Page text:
Inspired by a patient
Utine GE, Taşkıran EZ, Koşukcu C, Karaosmanoğlu B, Güleray N, Doğan ÖA, Kiper PÖ, Boduroğlu K, Alikaşifoğlu M. HERC1 mutations in idiopathic intellectual disability. Eur J Med Genet. 2017 May;60(5):279-283.
HERC1 is a member of HERC protein family of ubiquitin ligases and is a negative regulator of the mTOR pathway. It is also a guanine nucleotide exchange factor for ARF and Rab family GTPases. Biallelic mutations in HERC1 were recently shown to cause a human phenotype with overgrowth and intellectual disability as main features. Herein we describe clinical features in another patient with homozygous novel mutation in HERC1. Moderate to severe intellectual disability, hypotonia, macrocephaly, tall stature, and facial features appear as main clinical features of the condition. Kyphoscoliosis and seizures frequently accompany and autistic features might be another feature as recent studies also implicate. HERC1 mutations should be considered in differential diagnosis of severe intellectual disability and behavioural problems, particularly in patients testing negative for fragile X and KANSL1 mutations.
Aggarwal S, Bhowmik AD, Ramprasad VL, Murugan S, Dalal A. A splice site mutation in HERC1 leads to syndromic intellectual disability with macrocephaly and facial dysmorphism: Further delineation of the phenotypic spectrum. Am J Med Genet A. 2016 Jul;170(7):1868-73.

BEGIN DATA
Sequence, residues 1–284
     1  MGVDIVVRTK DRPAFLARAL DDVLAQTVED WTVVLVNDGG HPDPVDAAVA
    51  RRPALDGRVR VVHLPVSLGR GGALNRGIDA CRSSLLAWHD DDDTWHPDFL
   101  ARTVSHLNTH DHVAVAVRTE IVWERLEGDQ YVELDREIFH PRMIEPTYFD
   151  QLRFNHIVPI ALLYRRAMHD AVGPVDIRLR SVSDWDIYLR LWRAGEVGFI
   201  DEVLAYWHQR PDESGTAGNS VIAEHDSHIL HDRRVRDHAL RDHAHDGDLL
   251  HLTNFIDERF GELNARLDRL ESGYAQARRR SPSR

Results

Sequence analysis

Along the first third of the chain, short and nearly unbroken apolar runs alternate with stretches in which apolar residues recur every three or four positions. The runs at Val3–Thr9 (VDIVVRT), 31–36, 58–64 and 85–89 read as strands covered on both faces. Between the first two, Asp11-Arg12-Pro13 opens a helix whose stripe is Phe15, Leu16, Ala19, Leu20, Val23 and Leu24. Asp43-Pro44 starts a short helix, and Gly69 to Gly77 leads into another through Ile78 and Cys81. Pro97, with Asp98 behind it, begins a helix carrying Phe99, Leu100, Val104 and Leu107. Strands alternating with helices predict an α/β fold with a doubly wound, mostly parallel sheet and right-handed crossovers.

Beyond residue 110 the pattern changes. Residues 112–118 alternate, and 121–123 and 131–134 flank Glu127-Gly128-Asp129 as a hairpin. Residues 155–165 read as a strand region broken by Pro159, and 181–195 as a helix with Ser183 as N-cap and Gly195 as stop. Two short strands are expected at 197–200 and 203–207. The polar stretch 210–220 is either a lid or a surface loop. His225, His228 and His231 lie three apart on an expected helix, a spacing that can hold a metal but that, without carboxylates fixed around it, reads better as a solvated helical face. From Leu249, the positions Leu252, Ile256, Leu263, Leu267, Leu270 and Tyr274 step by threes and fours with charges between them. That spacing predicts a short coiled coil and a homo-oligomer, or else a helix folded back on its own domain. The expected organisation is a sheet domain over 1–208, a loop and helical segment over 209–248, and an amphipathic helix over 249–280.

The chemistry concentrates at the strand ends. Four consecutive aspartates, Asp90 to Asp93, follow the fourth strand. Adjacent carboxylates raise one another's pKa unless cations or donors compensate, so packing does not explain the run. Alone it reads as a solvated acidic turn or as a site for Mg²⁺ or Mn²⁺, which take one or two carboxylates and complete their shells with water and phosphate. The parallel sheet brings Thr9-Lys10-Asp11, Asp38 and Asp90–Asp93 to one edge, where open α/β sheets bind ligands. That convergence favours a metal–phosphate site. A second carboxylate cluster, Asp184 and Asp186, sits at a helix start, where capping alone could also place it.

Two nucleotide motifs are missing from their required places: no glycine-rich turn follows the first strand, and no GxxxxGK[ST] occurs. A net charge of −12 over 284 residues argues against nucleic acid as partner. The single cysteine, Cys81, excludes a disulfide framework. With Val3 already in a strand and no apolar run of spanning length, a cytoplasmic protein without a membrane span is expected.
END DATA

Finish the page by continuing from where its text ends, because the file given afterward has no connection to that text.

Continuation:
We report on a sib pair of Indian origin presenting with intellectual disability, dysmorphism, and macrocephaly. Exome sequencing revealed a homozygous splice site HERC1 mutation in both probands. Functional analysis revealed use of an alternate splice site resulting in formation of a downstream stop codon and nonsense mediated decay. In the light of recent reports of HERC1 mutations in two families with a similar phenotypic presentation, this report reiterates the pathogenic nature and clinical consequences of HERC1 disruption.
Nguyen LS, Schneider T, Rio M, Moutton S, Siquier-Pernet K, Verny F, Boddaert N, Desguerre I, Munich A, Rosa JL, Cormier-Daire V, Colleaux L. A nonsense variant in HERC1 is associated with intellectual disability, megalencephaly, thick corpus callosum and cerebellar atrophy. Eur J Hum Genet. 2016 Mar;24(3):455-8.
Megalencephaly is a congenital condition characterized by severe overdeveloped brain size. This phenotype is often caused by mutations affecting the RTK/PI3K/mTOR (receptor tyrosine kinase-phosphatidylinositol-3-kinase-AKT) signaling and its downstream pathway of mammalian target of rapamycin (mTOR). Here, using a whole-exome sequencing in a Moroccan consanguineous family, we show that a novel autosomal-recessive neurological condition characterized by megalencephaly, thick corpus callosum and severe intellectual disability is caused by a homozygous nonsense variant in the HERC1 gene. Assessment of the primary skin fibroblast from the proband revealed complete absence of the HERC1 protein. HERC1 is an ubiquitin ligase that interacts with tuberous sclerosis complex 2, an upstream negative regulator of the mTOR pathway. Our data further emphasize the role of the mTOR pathway in the regulation of brain development and the power of next-generation sequencing technique in elucidating the genetic etiology of autosomal-recessive disorders and suggest that HERC1 defect might be a novel cause of autosomal-recessive syndromic megalencephaly.